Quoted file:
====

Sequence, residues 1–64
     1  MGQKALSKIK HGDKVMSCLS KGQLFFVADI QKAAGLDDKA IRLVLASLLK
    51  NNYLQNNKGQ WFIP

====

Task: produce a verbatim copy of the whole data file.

Sequence, residues 1–64
     1  MGQKALSKIK HGDKVMSCLS KGQLFFVADI QKAAGLDDKA IRLVLASLLK
    51  NNYLQNNKGQ WFIP